The six world powers – China, France, Russia, the United States, the United Kingdom and Germany – are continuing efforts to persuade a reluctant Iran to scale back its nuclear program with hopes the long-time standoff can be settled.
Should the dispute be resolved, it will have significant geopolitical implications and create exciting dynamics in the oil and gas markets. But even under an optimistic scenario, it will take some time before the Iranians are able unlock their massive resource potential and deliver to international markets.
Iran’s current oil and gas production does not reflect the country’s potential. A combination of international sanctions and prohibitive contractual terms has hindered the investment needed to boost the country’s energy production.
Iran holds vast reserves of hydrocarbons. Its resources have not been widely exploited because of the Iranian constitution, which restricts foreign investment in the exploration and production of oil and gas, and economic sanctions imposed by the West.
Iran is the third-largest gas producer after the United States and Russia, but its gas sector remains underdeveloped. Most production is used to meet growing domestic demand. In 2013, gas production increased by less than 1%, to 167 billion cubic meters (Bcm), while domestic consumption reached 162 Bcm. In terms of oil, Iran ranks seventh in the world after Saudi Arabia, Russia, the United States, China, Canada and the United Arab Emirates.
In 2011, Iran was the third-largest exporter of crude oil, after Saudi Arabia and Russia, exporting 2.5 MMbpd. That figure dropped significantly to an average of 1.1 MMbpd in 2013. Iran’s crude oil sales are capped at an average of about 1MMbpd.
While international sanctions, which have targeted Iran’s energy sector since 2010, have accelerated Iran’s declining production and limited its export capacity, prohibitive contractual terms have hindered investment to boost the country’s production.
In an attempt to lure international oil and gas investors, Iran announced it would introduce a new contractual arrangement to be presented in London in April 2014. But that date has been postponed. Many oil companies hesitated about attending until a deal had been reached between their governments and Iran.
Iran could, one day, become a major oil and gas exporter. The potential is there but significant investment is needed to build the infrastructure for pipelines and LNG exports. Iran’s gas exports are limited. They are the equivalent of less than 1% of global natural gas exports, of which 93% goes to Turkey through the Tabriz-Ankara pipeline, the rest to Armenia and Azerbaijan, also via pipelines.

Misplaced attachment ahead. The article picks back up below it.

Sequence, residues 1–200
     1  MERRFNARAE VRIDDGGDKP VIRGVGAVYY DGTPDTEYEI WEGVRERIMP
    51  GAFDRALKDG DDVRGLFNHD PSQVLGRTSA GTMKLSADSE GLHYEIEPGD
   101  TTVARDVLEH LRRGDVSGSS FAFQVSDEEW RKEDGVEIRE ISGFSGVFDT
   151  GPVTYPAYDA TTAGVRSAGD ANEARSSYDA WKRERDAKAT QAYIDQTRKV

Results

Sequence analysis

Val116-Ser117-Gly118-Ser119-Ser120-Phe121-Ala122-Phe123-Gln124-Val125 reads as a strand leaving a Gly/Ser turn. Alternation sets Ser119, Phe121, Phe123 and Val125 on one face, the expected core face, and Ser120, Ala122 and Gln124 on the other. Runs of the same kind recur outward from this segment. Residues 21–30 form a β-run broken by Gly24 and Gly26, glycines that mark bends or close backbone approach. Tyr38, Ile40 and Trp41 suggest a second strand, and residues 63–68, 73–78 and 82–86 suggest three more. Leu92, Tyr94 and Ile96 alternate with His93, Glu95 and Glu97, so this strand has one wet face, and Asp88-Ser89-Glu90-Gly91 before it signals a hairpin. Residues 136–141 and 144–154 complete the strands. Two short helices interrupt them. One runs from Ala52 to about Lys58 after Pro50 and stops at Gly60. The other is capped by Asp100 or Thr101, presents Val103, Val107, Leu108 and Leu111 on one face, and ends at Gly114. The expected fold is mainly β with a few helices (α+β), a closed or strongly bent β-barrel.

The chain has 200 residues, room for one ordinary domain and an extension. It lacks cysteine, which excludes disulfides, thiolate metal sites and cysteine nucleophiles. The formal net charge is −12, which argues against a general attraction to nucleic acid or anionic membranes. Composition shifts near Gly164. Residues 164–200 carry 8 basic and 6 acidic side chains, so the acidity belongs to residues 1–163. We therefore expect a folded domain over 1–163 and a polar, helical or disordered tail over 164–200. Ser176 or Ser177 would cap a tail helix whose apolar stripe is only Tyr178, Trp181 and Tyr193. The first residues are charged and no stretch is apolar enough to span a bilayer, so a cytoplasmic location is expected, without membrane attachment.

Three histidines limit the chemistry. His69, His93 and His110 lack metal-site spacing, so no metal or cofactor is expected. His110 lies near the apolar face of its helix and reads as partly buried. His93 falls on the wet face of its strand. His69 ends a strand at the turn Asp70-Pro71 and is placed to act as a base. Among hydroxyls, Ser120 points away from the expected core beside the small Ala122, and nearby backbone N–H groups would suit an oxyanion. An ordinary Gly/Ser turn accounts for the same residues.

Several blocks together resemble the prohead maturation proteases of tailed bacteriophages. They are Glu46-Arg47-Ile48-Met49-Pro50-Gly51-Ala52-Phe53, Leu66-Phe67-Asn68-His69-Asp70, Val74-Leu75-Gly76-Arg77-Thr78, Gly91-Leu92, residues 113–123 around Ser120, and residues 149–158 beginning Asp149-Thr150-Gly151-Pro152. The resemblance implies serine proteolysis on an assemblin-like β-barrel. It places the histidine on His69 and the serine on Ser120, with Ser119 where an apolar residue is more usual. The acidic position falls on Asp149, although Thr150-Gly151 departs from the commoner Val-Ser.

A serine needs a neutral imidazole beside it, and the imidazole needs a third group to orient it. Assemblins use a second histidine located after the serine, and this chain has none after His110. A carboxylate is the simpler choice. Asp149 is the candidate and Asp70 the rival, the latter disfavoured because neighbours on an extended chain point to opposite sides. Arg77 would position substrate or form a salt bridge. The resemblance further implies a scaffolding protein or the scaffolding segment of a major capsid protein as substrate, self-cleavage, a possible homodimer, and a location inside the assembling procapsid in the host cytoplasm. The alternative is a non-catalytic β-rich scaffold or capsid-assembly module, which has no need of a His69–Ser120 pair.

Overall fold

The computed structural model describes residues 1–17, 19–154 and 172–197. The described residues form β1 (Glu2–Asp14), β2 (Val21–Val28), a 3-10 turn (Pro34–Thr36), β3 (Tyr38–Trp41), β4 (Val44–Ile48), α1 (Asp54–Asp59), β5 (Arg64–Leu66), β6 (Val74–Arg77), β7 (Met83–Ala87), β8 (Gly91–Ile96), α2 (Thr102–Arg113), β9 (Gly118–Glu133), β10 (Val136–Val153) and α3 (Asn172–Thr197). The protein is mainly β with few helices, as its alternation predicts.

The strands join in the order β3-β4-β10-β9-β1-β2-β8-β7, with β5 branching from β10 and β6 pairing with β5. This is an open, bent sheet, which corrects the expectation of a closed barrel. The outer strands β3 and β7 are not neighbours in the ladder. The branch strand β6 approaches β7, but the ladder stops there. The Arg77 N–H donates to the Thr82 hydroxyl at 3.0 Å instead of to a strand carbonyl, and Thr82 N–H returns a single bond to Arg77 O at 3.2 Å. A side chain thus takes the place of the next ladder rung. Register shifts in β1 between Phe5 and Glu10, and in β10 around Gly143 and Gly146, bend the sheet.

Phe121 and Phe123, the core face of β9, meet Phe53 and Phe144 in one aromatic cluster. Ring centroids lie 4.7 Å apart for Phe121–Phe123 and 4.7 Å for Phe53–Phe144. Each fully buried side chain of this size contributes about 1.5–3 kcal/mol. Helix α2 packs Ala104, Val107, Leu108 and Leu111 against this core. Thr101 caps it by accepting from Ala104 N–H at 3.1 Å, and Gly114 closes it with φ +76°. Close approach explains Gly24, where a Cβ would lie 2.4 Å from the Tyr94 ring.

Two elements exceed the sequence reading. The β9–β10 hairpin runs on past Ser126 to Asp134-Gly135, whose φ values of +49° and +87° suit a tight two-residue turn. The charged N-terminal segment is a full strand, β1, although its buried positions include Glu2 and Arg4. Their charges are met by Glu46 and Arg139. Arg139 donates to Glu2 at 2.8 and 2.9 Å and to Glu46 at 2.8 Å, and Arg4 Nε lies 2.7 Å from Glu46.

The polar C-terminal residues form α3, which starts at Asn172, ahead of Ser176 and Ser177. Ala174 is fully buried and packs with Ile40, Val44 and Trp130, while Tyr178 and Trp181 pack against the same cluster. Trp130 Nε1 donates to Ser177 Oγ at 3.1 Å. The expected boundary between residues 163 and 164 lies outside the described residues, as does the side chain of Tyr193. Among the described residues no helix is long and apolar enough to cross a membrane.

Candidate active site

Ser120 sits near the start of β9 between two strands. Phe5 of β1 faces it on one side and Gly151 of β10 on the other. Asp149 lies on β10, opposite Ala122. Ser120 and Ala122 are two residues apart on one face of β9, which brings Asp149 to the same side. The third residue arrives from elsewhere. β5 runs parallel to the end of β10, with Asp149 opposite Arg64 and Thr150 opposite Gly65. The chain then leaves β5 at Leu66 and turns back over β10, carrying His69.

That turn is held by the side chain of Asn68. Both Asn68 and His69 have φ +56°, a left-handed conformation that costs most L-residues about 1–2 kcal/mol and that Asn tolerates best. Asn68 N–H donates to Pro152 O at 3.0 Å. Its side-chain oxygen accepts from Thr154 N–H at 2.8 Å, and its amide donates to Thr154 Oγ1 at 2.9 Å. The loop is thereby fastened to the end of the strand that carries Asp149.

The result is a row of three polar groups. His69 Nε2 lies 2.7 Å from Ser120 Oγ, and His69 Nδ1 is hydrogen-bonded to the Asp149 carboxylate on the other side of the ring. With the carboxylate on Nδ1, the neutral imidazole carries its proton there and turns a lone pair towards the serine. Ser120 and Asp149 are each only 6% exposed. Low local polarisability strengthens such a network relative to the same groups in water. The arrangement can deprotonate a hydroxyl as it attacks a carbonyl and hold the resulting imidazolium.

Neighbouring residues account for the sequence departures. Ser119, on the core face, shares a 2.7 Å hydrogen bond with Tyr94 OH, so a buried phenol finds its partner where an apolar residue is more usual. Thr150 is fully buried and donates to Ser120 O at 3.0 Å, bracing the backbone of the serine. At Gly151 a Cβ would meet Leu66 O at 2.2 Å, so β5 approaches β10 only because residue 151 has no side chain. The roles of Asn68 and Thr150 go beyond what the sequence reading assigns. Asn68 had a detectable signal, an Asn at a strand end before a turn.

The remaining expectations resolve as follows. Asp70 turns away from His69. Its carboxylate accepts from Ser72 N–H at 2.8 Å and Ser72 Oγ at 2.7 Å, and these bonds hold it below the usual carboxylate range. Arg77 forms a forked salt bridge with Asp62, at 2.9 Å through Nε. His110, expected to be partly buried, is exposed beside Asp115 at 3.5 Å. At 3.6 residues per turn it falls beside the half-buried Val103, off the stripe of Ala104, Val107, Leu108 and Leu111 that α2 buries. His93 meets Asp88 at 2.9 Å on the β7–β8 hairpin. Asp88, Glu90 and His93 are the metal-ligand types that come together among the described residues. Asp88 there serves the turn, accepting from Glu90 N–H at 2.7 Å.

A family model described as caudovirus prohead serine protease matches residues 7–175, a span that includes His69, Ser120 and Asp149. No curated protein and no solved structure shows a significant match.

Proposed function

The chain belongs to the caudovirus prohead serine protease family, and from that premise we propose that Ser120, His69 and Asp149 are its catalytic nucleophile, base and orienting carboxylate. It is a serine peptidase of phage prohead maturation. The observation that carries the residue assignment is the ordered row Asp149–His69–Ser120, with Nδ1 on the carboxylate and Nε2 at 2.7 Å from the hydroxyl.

Armenia exports electricity to Iran to compensate for the natural gas volumes it receives, while Azerbaijan repays Iran for the gas sent to its Nakhchivan exclave by exporting similar volumes to north east Iran.
The country’s first LNG plant at South Pars (the field it shares with Qatar), in cooperation with South Korean and Chinese firms, is likely to miss its completion deadline of 2014. Should Iran succeed in boosting its gas production and hit international markets, its three main regions would be Asia, Europe via Turkey and neighboring Arab countries. Iran can also play an important transit role for Central Asian gas; it has been importing gas from Turkmenistan.
Iran agreed to export gas to India and Pakistan in the 1990s, through the Iran–Pakistan-India (IPI) gas pipeline. India suspended its involvement in the project because of “security concerns” in 2008. Gas deliveries from Iran to Pakistan were expected to start this year.
Much has been said about Iran exporting gas to Europe via Turkey, as Europe looks to reduce its dependence on Russian gas. Iran was included in the original plans for Nabucco and the Trans-Adriatic Pipeline – to bring gas from Central Asia and the Middle East to Europe via Turkey – but then dropped because of the political situation.
Iran has held discussions with its Arab Gulf neighbors for several years. Some failed, others are ongoing. Iran has said it is ready to start exporting gas to Iraq.
A continually growing population at home and generous energy subsidies have encouraged wasteful consumption in Iran and caused budgetary problems. About 56% of Iranian oil and 97% of Iranian gas is consumed domestically.
In 2010, the government decreased some of the subsidies on energy prices and is planning further reduction over 2015 and 2016.
It is not surprising to see oil and gas companies, oil and gas producers, and major consumers watching to see how the deal on Iran’s nuclear program unfolds in the coming months.
Author: Carole Nakhle is an energy economist, based in London, UK, specializing in international petroleum fiscal regimes, world oil and gas market developments, and energy policy. She is an associate lecturer in energy economics at the University of Surrey and acts as external expert for the Fiscal Affairs Department at the International Monetary Fund (IMF). She also works as a consultant to major oil companies and academic consultancies.
This article originally appeared in World Review and can be found at www.worldreview.info/expert-info/Dr%20Carole%20Nakhle.